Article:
Sometimes I reply with something stupid, either because I don’t know the answer, or more likely, to amuse myself. I emerged from the bedroom at Leila’s bathtime the other evening wearing gym kit, and she of course said ‘why have you got changed?’

‘Because I’m going to an exercise class’ (incidentally, it was called Armegeddon, is a boot camp dreamed up by the devil’s minions, and yes I did say ‘Armageddon outta here’ at one point)

‘Why are you going to an exercise class?’

Here comes the stupid answer: ‘Because I want to be fun fit and funky’

This time I had won the Why-Lympics, because she did not ask why I want to be fun fit and funky. It was a hollow victory, however, as she did burst into floods of tears. She sat in the bath and roared ‘BUT I WANT YOU TO BE MUMMY!’

This ego-bruising response confirmed why I have decided to start exercising again. Not because I want to be fun fit and funky exactly; but, five months post partum, I’d love to feel less faded, flabby and frazzled. It’s time that the Why-Lympics ceased to be my only workout. I want to start feeling like I’m in my own skin again- as I recall, this does start to happen eventually, and I’d like that eventually to be now-ish. At the risk of sounding like A Mum, I don’t want Mummy to be the person who is so far from fun fit and funky that it reduces my child to tears (look I know she didn’t have a clue what I was on about, and was just crying because I was being weird… But it’s, like, the symbolism)It’s hard to explain to a three year old why that is- though she’ll certainly ask, given the chance- but I know that the results will benefit her and Asher as well as me.

Chapter Fifteen: I’m Still Tiny

Leila seems to be having a bit of a delayed reaction to the arrival of her baby brother, or maybe it’s a timely reaction to the new, louder, more awake version of her baby brother, who takes up more of my time and attention.

Her discombobulation manifests itself in an added dose of threenager fierceness, and in an uncharacteristic clinginess to me. ‘I need you’ she says, ‘I want to be WITH you, be WITH me mummy’. And, this morning, as she clutched me so tightly, it’s like she wanted to be inside my skin again: ‘I’m still tiny. I’m still so small’.

It also manifests itself in the classic Leila (the original early bird) stunt of waking up before dawn, and bouncing in and out of her bedroom like a jack-in-the-box. Though she did have the courtesy to knock insistently on our door at 6am this morning, instead of appearing ghost-like by our bed breathing ‘Daddy’ into the darkness in alarming fashion, as she has done before.

So come 1pm today we knew, even if she didn’t agree, that she needed a nap. Leila’s afternoon nap has been undergoing a slow and tortured demise, like a fish on land that keeps flapping into life before giving up completely. Some days she will, many she won’t, some days she actually asks for one. Today she was not asking, and she was not napping. I bundled Asher into his pram in the porch and left him to squawk his way into sleep (poor second child) and went to relieve G who had been trying to get Leila to nap for longer than is good for anyone’s sanity.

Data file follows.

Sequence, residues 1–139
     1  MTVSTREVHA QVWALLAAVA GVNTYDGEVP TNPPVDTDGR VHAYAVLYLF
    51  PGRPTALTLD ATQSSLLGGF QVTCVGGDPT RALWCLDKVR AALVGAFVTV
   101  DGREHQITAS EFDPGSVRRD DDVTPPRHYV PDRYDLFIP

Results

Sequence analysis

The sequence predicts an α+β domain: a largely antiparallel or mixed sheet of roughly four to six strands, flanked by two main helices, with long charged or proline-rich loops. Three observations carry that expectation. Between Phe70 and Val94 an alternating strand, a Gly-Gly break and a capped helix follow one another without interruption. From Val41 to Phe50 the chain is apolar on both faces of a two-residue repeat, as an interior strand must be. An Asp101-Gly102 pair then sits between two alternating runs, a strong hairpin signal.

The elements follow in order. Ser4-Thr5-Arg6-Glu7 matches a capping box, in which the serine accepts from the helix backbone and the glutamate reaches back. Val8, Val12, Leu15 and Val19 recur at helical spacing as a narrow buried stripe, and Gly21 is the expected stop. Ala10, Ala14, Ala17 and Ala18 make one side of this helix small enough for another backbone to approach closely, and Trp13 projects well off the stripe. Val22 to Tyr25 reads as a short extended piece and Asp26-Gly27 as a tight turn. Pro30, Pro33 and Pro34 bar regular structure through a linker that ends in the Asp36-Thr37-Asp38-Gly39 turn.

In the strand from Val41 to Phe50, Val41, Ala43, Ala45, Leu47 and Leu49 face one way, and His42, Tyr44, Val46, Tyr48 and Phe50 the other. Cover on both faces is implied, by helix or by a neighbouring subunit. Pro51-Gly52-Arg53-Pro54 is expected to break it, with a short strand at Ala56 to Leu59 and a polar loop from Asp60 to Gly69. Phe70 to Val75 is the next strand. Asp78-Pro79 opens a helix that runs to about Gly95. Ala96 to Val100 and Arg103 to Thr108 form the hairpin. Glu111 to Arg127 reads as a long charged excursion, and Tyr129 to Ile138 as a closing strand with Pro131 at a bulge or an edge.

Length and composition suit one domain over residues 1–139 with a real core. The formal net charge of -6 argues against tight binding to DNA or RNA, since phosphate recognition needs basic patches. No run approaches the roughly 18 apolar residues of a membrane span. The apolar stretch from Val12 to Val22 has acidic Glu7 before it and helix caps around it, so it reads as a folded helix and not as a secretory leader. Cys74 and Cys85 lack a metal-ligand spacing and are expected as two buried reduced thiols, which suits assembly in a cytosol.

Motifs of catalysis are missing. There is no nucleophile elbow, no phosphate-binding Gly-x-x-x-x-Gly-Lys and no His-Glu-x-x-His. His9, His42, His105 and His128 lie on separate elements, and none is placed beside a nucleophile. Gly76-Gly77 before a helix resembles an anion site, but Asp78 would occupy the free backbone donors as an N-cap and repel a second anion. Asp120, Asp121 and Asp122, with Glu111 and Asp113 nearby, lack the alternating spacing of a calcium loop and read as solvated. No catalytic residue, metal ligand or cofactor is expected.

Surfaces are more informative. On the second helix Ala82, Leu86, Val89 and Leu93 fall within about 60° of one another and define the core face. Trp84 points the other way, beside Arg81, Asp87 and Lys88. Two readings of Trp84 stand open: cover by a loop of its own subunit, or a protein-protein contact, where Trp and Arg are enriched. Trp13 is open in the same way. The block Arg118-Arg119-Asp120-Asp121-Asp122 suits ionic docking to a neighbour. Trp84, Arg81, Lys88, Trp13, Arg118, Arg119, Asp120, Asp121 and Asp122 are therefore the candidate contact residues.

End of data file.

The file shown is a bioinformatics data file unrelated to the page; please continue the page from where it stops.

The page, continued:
Overcome with tiredness myself- before Asher, I had all but forgotten the crushing, bruising fatigue that comes with having a young baby- I did something that Leila and I have never done. I lay down with her for a nap. Unlike her brother, she has never been one for co-sleeping, even when we’ve tried it in desperation during dodgy sleep patches (one memorable night sticks out, near Christmas 2011, of Leila aged nearly two chirrupping ‘ingle bells, ingle bells’ at 1am, sitting bolt upright between us in bed). But today I squashed myself onto her toddler bed, and put my arms around her. I tried to emulate a relaxation session such as you do at the end of a yoga class or similar, as I know G has used this technique to help her nap before.

‘Feel your eyes get heavy…’, I murmured, feeling my eyes get heavy. ‘Let your face relax’, as I dribbled onto her forehead. At first she thrashed about and made irritating kissy sounds with her mouth. Then she turned onto her side facing me and said quietly ‘no talking, while we have our nap’ and within seconds she was asleep, my lips pressed to her head, her breath in warm gusts on my neck.

It was unfamiliar and lovely, to have my little livewire sleeping in my arms. Her face in repose looked just as it did when she was a baby. I started to drift off myself, but toddler beds are a bit cramped for grown-up legs, plus I am a terrible napper- worse than Leila- so after a while I started to extricate myself as silently as possible: unsmooshing my face from her forehead, gently lifting my arm from her body, unfolding myself from around her. It brought to mind those baby days with her, when after shushing her to sleep in her cot, I’d curse the pop of a kneecap as I stood up, or the deafening swish of denim as I crept from the room.

As I tried to lift my head from the pillow, something kept me there. As well as the sweet, grassy Leila-smell of her head, it was something more physical: her fingers curled into my hair, grasping. Just like her brother does. Just as she did as a baby. I couldn’t bear to uncurl her fingers just yet, so I watched her sleeping a little longer.

She’s still tiny. She’s still so small.


She loves him really

Chapter Nine: Here Comes The Sun

My Leila is special. Oh, yes I know, bla bla subjective-biased-parent-cakes. But it’s true. She IS special. She has a glow, a spark… So many words she conjures up are to do with light.